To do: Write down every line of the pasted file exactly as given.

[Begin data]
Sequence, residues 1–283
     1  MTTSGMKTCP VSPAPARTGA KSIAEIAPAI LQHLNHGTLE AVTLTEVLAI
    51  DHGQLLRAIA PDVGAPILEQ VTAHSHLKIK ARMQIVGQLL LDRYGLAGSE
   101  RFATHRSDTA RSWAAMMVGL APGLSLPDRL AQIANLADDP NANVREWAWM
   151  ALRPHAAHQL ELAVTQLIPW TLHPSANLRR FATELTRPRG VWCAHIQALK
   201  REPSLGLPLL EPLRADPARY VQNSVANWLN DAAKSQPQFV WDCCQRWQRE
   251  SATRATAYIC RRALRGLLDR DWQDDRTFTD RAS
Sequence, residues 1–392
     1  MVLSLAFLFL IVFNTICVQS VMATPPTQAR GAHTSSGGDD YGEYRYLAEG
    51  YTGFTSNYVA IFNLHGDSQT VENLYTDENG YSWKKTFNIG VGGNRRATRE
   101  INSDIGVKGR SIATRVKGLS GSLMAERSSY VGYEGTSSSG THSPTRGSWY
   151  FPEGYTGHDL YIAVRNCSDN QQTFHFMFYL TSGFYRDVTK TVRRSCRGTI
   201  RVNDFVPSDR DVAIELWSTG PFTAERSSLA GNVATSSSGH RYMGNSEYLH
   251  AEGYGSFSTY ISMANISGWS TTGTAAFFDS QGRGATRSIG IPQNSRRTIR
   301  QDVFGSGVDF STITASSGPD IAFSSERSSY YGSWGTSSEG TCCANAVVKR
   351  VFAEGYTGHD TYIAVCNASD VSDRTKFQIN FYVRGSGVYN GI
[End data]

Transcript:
Sequence, residues 1–283
     1  MTTSGMKTCP VSPAPARTGA KSIAEIAPAI LQHLNHGTLE AVTLTEVLAI
    51  DHGQLLRAIA PDVGAPILEQ VTAHSHLKIK ARMQIVGQLL LDRYGLAGSE
   101  RFATHRSDTA RSWAAMMVGL APGLSLPDRL AQIANLADDP NANVREWAWM
   151  ALRPHAAHQL ELAVTQLIPW TLHPSANLRR FATELTRPRG VWCAHIQALK
   201  REPSLGLPLL EPLRADPARY VQNSVANWLN DAAKSQPQFV WDCCQRWQRE
   251  SATRATAYIC RRALRGLLDR DWQDDRTFTD RAS
Sequence, residues 1–392
     1  MVLSLAFLFL IVFNTICVQS VMATPPTQAR GAHTSSGGDD YGEYRYLAEG
    51  YTGFTSNYVA IFNLHGDSQT VENLYTDENG YSWKKTFNIG VGGNRRATRE
   101  INSDIGVKGR SIATRVKGLS GSLMAERSSY VGYEGTSSSG THSPTRGSWY
   151  FPEGYTGHDL YIAVRNCSDN QQTFHFMFYL TSGFYRDVTK TVRRSCRGTI
   201  RVNDFVPSDR DVAIELWSTG PFTAERSSLA GNVATSSSGH RYMGNSEYLH
   251  AEGYGSFSTY ISMANISGWS TTGTAAFFDS QGRGATRSIG IPQNSRRTIR
   301  QDVFGSGVDF STITASSGPD IAFSSERSSY YGSWGTSSEG TCCANAVVKR
   351  VFAEGYTGHD TYIAVCNASD VSDRTKFQIN FYVRGSGVYN GI